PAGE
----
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Kiss The Girls
Starring Morgan Freeman and Ashley Judd; Cary Elwes
Screenplay by David Klass
based on the best-selling novel by James Patterson.
Directed by Gary Fleder
website: www.kissthegirls.com

IN SHORT: Decent thriller, almost a contenda.

The long and the short of it is, when you get down to it in almost everything detective-wise, detective work isn't very interesting. The compelling stuff happens when there is threat to the detective, or to someone close to him (or her); the bigger the threat the better.

That's where we begin with Kiss the Girls, which comes close enough to be worth the cost, but falls short just a little. For those of us who didn't read, and wouldn't compare the flick to its source novel by James Patterson (though Cranky's sister told him the book was terrifying) the movie just isn't as scary as the television commercial would have you imagine.

We begin with the introduction of police detective and forensic psychiatrist Dr. Alex Cross (Morgan Freeman) who demonstrates his powers by cooly and calmly talking a .38 snub nose out of the mouth of an abused wife who has just plugged her hubby. Cooly and (relatively) calmly he reacts to the news that his niece Naomi has disappeared from her college campus, and high tails it to North Carolina to lend aid in the investigation.

Also on that campus is a resident doc Kate McTiernan (Ashley Judd) who finds herself captive of the mysterious self- proclaimed Casanova, who has taken the women but killed only 3. Doc Freeman analyzes the MO and determines that Caz is a collector, not a serial killer, a theory proved correct when doc Judd escapes. Some in depth computer work later, and a suspect is located and tracked . . .

From this point on, the story takes a major twist, so I'll stop where the commercial does. When all comes back center, there's no real sense of tension or danger to the ultimate victims . . . because we have no real example of how dangerous or vicious the killer (if indeed Casanova is the real killer) is. Yes, we see a murder about to happen. Yes, we see the yellow tape and covered body. Gruesome? No. If it was, the eventual showdown -- and you know there is always a showdown between the good cop and the bad villain -- would crackle with danger. Instead, it's a cool and calm conversation until all is said and done.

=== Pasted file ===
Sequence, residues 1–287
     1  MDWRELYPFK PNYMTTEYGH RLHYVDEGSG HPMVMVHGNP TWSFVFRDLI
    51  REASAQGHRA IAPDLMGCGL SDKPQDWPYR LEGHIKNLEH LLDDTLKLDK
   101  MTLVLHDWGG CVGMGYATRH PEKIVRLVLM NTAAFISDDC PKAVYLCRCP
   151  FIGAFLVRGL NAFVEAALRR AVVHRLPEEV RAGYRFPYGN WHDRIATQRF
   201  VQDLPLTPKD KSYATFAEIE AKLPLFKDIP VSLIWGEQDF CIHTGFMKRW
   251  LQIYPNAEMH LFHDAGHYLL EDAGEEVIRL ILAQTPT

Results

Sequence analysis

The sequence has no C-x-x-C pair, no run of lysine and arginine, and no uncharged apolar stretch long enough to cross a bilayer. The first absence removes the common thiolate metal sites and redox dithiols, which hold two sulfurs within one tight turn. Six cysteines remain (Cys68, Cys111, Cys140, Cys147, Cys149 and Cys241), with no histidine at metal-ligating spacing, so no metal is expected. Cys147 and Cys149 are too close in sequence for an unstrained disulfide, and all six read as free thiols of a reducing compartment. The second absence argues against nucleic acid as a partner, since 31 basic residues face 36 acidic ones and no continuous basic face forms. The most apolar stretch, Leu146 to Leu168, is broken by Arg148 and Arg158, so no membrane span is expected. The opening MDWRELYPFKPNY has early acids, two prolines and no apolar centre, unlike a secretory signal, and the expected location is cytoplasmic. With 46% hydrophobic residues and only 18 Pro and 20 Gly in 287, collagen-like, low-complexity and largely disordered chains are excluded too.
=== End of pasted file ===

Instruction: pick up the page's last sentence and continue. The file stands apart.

Both Freeman and Judd are good actors, but Morgan doesn't get angry, and the little emotion he expresses when a member of his own family is in danger should have evoked at least a tad of an outburst. Judd's character has been kidnapped (good scene) and imprisoned (feh) with no real suspense save a terrifically edited escape (3 time Oscar winner William Steinkamp, editor); for which composer Mark Isham should get some credit for great escape scoring. That a semblance of on screen relationship between Freeman and Judd fails to develop -- relationship in this case means caring, not romance -- is the failure of the flick.

On average, a first run movie ticket will run you Eight Bucks. Were Cranky able to set his own price to Kiss the Girls, he would have paid...


Cranky truly expected to be scared wet in my theater seat. But he, and the audience, all left dry as toast.

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